Retail sales in May were essentially unchanged on a seasonally adjusted basis after an upwardly revised gain of 0.6%, according to the National Retail Federation.
In May, sales were 5.3% above May a year ago on an unadjusted basis, and increased 4% on a three-month moving average year-over-year.
That might sound good, but NRF numbers exclude automobiles, gasoline stations and restaurants. The Commerce Department said overall retail sales dropped 0.3% in May, the first decline since February and the sharpest since a 1% decrease in January 2016.
“The lack of retail pricing power continues to be a benefit to consumers but an ongoing challenge for retailers,” said NRF chief economist Jack Kleinhenz. “While the month-to-month comparisons may be unimpressive, current trends in retail sales growth are healthy.”
NRF retail sales over the past three months are 4% higher than during the same three-month period last year, he noted. “The industry is off to a good start in the second quarter and prospects remain in line with our annual forecast for spending.”
NRF said May sales figures were generally similar across many retail segments. The electronics sector saw the biggest loss, down 2.8% from April.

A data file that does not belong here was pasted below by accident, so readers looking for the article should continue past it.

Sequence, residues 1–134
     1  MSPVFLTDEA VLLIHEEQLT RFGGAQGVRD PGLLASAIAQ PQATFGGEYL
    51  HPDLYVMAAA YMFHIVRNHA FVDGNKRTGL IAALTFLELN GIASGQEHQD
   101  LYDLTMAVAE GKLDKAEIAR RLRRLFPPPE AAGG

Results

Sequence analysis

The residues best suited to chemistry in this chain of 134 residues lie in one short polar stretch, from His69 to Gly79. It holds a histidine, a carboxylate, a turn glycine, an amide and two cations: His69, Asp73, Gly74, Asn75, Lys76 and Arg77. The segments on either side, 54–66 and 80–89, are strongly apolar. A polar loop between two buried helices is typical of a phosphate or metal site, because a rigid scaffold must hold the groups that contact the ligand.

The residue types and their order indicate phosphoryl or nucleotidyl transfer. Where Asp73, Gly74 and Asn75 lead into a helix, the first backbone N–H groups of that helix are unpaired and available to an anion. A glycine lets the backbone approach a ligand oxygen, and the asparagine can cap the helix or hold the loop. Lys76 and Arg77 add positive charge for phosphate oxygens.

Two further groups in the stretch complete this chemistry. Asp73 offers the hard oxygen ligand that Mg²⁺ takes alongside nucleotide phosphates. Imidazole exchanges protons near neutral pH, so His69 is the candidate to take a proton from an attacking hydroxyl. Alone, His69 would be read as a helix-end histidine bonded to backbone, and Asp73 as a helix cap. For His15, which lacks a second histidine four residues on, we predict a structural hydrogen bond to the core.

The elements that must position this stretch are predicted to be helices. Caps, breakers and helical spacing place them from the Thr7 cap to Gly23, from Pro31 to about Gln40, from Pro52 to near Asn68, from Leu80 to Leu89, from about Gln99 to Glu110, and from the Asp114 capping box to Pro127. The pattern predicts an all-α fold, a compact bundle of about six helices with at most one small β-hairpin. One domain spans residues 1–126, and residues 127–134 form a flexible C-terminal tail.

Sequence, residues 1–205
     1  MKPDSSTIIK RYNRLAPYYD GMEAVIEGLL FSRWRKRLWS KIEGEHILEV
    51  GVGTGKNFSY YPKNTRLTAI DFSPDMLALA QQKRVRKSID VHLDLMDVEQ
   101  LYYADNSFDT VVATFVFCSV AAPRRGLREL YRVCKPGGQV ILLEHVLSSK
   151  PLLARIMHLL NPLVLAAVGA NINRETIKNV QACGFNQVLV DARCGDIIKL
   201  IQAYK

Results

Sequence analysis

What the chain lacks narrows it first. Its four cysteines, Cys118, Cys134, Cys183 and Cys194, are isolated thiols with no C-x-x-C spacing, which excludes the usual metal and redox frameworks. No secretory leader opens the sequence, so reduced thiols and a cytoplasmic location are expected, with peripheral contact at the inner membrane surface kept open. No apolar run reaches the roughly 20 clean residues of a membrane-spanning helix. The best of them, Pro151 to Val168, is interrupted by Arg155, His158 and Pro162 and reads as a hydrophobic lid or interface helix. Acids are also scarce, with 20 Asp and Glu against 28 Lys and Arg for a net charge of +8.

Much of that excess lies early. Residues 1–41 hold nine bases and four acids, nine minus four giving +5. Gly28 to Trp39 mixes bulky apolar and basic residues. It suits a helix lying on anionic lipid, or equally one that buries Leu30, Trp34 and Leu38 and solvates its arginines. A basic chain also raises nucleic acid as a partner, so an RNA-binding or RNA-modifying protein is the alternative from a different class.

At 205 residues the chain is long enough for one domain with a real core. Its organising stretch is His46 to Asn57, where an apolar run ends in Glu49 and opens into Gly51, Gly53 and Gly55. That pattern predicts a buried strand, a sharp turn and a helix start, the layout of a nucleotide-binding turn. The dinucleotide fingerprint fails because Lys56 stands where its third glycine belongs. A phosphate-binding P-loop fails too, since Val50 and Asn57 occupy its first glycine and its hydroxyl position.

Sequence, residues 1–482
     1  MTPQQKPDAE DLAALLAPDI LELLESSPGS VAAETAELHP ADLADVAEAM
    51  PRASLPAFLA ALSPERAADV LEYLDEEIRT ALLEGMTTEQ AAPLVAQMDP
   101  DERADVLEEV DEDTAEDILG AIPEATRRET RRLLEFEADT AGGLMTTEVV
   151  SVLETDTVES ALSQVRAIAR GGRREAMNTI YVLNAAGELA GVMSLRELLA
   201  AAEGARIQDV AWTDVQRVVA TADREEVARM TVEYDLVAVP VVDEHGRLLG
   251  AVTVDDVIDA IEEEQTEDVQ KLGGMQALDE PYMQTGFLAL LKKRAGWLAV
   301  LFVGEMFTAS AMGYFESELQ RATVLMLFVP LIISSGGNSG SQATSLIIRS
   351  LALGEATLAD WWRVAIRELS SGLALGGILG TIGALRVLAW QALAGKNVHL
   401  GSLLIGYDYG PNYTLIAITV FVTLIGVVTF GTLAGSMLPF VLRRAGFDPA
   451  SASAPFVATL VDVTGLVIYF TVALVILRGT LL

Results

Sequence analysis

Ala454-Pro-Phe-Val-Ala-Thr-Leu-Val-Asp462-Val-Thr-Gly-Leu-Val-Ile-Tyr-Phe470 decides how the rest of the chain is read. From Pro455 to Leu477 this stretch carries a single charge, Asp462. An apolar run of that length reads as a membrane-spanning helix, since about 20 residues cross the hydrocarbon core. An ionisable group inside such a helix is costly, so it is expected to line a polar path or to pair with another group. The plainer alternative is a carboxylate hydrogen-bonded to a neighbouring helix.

On a year-over-year basis, building materials and furnishings saw the greatest growth (14.2%), closely followed by online and other non-store sales (12.4%), and furniture and furnishings (6.7%).
Clothing and accessories store sales rose 0.3% seasonally adjusted from April and increased 2.1% unadjusted year-over-year. General merchandise sales decreased 0.3% in May from April but increased 1.3% year-over-year, NRF reported.
Sporting goods sales dropped 0.6% from April, when seasonally adjusted, and decreased 2.9% year-over-year. Sales at health and personal care stores remained unchanged over April but increased 2.2% year-over-year.